A width of cloth

China, probably Guangzhou
Late 16th century
Silk lampas
65 x 52 cm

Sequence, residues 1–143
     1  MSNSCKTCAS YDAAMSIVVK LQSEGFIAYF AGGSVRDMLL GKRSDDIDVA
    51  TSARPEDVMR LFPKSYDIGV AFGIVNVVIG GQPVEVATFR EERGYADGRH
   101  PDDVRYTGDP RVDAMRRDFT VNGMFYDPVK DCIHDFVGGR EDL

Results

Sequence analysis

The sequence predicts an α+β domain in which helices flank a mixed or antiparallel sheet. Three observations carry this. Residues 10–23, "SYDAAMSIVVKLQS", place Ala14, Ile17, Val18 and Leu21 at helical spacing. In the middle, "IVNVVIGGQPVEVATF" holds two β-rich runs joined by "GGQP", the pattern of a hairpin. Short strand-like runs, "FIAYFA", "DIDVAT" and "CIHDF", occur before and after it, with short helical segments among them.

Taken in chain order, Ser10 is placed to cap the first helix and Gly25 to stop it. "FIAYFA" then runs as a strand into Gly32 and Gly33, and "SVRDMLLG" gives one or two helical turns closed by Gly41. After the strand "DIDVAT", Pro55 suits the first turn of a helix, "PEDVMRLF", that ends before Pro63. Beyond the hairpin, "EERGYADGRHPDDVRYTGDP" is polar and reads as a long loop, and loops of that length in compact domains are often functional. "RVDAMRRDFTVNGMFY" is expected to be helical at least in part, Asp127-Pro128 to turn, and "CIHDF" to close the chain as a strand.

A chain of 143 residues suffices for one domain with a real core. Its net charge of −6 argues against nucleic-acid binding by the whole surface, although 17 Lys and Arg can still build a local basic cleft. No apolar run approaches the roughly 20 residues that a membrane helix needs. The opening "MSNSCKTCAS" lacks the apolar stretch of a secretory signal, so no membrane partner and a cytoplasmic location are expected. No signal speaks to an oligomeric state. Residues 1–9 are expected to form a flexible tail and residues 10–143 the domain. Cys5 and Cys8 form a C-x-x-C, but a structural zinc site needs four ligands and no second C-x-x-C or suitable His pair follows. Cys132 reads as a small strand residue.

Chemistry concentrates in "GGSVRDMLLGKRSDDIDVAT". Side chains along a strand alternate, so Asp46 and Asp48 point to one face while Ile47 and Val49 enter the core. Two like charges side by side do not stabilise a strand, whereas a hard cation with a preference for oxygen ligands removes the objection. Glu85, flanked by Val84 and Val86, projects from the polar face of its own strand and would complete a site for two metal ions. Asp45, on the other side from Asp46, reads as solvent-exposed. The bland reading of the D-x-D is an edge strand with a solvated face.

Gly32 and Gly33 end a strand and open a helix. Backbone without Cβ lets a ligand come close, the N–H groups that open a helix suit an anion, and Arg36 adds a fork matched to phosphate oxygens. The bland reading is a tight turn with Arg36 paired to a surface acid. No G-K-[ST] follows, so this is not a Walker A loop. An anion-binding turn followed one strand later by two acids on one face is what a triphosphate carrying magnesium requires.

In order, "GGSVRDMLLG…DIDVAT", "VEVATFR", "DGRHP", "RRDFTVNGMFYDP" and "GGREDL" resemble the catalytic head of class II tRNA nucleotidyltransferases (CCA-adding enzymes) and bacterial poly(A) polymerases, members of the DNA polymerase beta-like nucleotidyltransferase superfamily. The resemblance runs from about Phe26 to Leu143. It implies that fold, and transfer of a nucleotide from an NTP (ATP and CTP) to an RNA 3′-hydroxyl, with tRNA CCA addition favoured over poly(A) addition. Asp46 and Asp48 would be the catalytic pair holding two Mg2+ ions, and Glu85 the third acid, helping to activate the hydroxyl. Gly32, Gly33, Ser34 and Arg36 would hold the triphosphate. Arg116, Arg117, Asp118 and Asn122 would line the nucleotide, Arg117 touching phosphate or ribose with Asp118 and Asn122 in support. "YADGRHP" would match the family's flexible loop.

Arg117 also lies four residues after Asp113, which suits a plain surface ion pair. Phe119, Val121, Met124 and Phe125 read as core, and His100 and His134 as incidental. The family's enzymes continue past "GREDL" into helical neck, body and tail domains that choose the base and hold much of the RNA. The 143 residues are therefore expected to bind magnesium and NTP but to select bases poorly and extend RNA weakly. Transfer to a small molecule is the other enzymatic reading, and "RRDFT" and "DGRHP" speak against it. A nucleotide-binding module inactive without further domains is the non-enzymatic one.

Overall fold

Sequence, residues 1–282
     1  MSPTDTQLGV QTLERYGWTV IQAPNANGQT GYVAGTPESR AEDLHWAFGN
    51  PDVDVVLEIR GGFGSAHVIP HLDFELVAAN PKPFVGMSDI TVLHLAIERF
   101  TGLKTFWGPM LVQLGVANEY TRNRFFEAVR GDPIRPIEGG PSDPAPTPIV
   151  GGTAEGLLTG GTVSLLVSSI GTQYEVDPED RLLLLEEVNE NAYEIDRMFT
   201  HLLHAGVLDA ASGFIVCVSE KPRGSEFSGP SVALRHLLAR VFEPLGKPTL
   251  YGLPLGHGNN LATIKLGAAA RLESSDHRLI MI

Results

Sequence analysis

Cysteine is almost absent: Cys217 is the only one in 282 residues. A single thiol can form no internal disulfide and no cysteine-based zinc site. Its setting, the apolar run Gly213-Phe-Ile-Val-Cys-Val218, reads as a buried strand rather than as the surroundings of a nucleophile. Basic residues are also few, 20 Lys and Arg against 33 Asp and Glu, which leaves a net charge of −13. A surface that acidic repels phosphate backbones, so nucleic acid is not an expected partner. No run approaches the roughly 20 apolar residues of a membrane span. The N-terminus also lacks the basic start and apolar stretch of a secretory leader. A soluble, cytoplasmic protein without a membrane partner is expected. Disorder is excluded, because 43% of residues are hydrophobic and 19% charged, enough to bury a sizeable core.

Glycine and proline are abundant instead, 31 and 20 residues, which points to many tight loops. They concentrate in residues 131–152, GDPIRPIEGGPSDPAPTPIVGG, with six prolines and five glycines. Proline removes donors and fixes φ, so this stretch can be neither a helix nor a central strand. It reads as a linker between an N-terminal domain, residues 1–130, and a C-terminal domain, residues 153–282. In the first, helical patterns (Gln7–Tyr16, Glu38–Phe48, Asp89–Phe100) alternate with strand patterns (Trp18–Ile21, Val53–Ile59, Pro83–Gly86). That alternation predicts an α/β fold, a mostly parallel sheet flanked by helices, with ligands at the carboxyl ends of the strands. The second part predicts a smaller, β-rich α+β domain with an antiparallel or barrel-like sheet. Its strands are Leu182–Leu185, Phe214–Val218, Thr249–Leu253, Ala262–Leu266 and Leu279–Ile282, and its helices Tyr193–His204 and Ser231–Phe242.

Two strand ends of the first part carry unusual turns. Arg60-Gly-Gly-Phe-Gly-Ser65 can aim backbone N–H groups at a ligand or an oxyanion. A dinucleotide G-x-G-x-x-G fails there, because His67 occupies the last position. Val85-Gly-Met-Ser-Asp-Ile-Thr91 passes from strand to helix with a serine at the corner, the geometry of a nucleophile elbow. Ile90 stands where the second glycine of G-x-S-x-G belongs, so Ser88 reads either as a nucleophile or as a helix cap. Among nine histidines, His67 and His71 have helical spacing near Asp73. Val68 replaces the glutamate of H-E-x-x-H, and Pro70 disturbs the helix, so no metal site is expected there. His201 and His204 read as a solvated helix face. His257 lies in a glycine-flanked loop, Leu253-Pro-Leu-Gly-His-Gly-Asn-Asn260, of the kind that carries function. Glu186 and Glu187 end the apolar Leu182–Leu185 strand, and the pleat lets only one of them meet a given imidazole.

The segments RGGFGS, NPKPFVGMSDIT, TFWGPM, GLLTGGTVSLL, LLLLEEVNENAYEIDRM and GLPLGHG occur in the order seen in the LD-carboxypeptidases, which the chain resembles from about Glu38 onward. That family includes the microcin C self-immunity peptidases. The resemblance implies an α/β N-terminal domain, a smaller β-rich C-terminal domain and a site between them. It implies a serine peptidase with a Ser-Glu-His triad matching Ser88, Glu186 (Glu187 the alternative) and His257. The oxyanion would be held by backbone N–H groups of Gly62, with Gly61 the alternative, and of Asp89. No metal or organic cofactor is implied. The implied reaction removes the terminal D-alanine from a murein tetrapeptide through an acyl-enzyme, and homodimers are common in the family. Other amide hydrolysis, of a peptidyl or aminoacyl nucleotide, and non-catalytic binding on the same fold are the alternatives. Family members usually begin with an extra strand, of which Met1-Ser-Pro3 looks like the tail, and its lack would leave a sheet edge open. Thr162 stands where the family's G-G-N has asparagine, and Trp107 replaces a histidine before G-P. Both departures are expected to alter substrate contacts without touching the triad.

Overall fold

The present width of cloth (from selvage to selvage), is a Chinese silk lampas (a luxury fabric with a background weft), which features as its pattern a crowned and splayed double-headed eagle atop a heart pierced by arrows and which is set in two-fold symmetry. The main motif, of European origin despite resembling a Chinese phoenix (fènghuáng), is encircled by scrolling vines with China pinks (Dianthus chinensis or shízhú), tree peonies (Paeonia suffruticosa, or m dān, deemed in China to be “the queen of flowers”, and a symbol of royalty, prosperity, wealth and honour), shrub peonies, and two facing long-tailed birds. It belongs to a group of similarly weaved silk textiles which, in general, have the same crimson red (lac dye) ground and are decorated in blue, green and yellow (dye from the Asian pagoda tree, Sophora japonica). While the overall design, dyes, and technique betray the Chinese origin of this silk textile, its iconography is clearly European. The double-headed eagle, commonly known as the Habsburg eagle although its origin is many centuries older, was the device used for the Order of Saint Augustine as given by king Felipe II of Spain (r. 1556- 1598). The Augustinian Province of the Most Holy Name of Jesus of the Philippines was established in Manila in 1575, and soon after in Macao (which passed to the administration of the Portuguese Province in 1589 by order of Felipe II), Mexico and India, during which several missionary ex- peditions were undertaken in China. In addition to silk textiles such as the present example, the Augustinians commissioned other objects featuring their emblem; blue and white porcelain ordered from the Chinese kilns in Jingdezhen being a good example of their artistic patronage. The religious use of this type of textile is evident from the outline of some of the extant examples; a fragment of a chasuble (in the Victoria and Albert Museum, London, inv. T.215-1910) and a complete cope. While the production of such textiles has been attributed to Macau (more of a hub and port for disseminating rather than producing, such complex textiles), it is more likely that such sumptuary textiles were made in more traditional south Chinese centres of production, which had been producing fine silk textiles for export since before the medieval period and supplying the imperial court in Beijing. A matching example of the identical pattern as our silk lampas, differing only in the colour scheme, and in a better state of preservation, belongs to the Metropolitan Museum of Art, New York (inv. 12.55.4).

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